*This review won’t go over every plot point in the episode, it also features spoilers for Oathkeeper, so if you haven't seen it…*
Four seasons in and Game of Thrones has managed to confound both fans of the book and TV show.
Oathkeeper, episode four of season four, is perhaps the first major deviation from George R.R. Martin's books, which makes the episode both exciting and befuddling. More on that later.
Oathkeeper (referring to the Valyrian sword Jaime gives Brienne) is an elegantly plotted episode, serving its function of manoeuvring elements into place with some solid, intriguing storytelling.
Jaime Lannister (Nickolaj Coster-Waldau) is the focus for much of the episode, meeting with Cersei (Lena Headley), Tyrion (Peter Dinklage) and Brienne (Gwendoline Christie) in King’s Landing.
His relationship with Cersei has turned sour with the events of the previous episode driving even more of a wedge between them. Still coping with the death of her son, Cersei lays part of the blame at Jaime’s door and, when she asks for retribution, Jaime’s response is non-committal.
His relationship with Tyrion is better, but not by much, with his brother awaiting trial knowing that the jury is likely to execute him.
Having one of the series' main characters hemmed into a jail may have robbed the season of some of its charm, but the events of this season have shifted the heavy dramatic lifting from Tyrion to Jaime, who had lingered on the fringes but is now centre stage.
And Jaime's change from rogue to knight with responsibilities is emphasised in his relationship with Brienne.
Considering the antagonistic to and fro that defined them, they’re now an odd couple with Jaime showing signs of caring about her and Brienne not quite sure how to act on her feelings.
When Brienne leaves King’s Landing to look for Sansa Stark at the behest of Jaime, director Michelle MacLaren frames it as a bittersweet moment as another partnership is broken up.
Elsewhere we get a brief moment with Sansa (Sophie Turner) and Littlefinger/Peter Baelish (Aidan Gillen) as they head towards to Eeyrie, where Littlefinger reveals he's to be wed to Sansa's aunt, Lady Arryn.
Revealing that he was part of the conspiracy to murder Joffrey, Littlefinger’s creepiness is highlighted as he gives Sansa some rather covetous looks.
Visually this scene’s subtly fantastic, with the bobbing and swaying of the ship casting sunlight on the actors at specific times, highlighting the shady features of Littlefinger and the confusion (and then understanding) of Sansa as Littlefinger reveals his plans and Sansa realises just what she has unwittingly been dragged into.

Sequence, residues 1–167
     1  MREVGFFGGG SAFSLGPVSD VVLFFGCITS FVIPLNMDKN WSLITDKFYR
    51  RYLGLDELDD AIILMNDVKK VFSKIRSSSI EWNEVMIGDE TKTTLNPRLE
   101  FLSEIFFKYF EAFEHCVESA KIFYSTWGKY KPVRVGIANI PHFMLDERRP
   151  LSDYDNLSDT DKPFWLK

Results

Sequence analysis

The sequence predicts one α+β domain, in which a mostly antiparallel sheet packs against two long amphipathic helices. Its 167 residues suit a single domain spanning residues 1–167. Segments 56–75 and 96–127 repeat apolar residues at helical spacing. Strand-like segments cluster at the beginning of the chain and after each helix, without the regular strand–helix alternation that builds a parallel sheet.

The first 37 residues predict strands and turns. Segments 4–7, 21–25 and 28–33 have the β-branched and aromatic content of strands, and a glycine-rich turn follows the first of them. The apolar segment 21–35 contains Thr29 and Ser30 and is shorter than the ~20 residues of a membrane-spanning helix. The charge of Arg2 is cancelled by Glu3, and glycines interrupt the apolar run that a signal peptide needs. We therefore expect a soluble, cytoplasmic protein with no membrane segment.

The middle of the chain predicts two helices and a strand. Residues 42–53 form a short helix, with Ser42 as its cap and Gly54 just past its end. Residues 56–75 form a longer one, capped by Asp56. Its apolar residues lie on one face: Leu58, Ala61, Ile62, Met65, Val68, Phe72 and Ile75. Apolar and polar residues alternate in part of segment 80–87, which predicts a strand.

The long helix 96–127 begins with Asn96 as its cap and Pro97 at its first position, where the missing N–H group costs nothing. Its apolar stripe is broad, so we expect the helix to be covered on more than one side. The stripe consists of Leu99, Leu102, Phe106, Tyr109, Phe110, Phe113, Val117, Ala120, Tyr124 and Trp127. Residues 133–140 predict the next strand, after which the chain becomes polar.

There are other instances of this happening in the episode (between Margaery and Tommen, for example), creating contrast not only through character interaction but through the lighting too. We can't wait to savour it more when it (eventually) gets a Blu-ray release.
Back in King’s Landing Olenna Tyrell (Diana Rigg) is leaving for Highgarden, but not before revealing her part in the plot to kill Joffrey to her niece Margaery (Natalie Dormer.
She also gives Magaery a task before she leaves: weave her way in to Tommen’s heart before Cersei can shut her out. And she sets about doing this by introducing herself in Tommen's chamber in the dark of night as we're introduced to book favourite Ser Pounce (Google it).
But really, the biggest moments of the episode and the parts that deviated from the book were the events happening up north.
Bran and company were captured by the former members of the Black Watch at Craster’s Keep, which we don’t remember happening in the books.
The depravity of the scenes here may set a new standard, even for Game of Thrones, as one character drinks out of the skull of a deceased character. That’s quite repellent.
It’s all set up for Jon Snow to venture from Castle Black and rescue Bran, but considering this never happened in the book we’re not sure where this will go, a feeling fans of the book won’t be familiar with.
And saving the best ‘til last, we now know what’s been happening to the male babies Craster discarded in previous seasons. They’re being turned into White Walkers.
It presents more questions than answers, and we have no idea of whether it could spoil events for the next book (Winds of Winter). But this revelation breaks new ground for the series as we reach the second half of the season.
Game of Thrones Season 4 is now showing on Sky Atlantic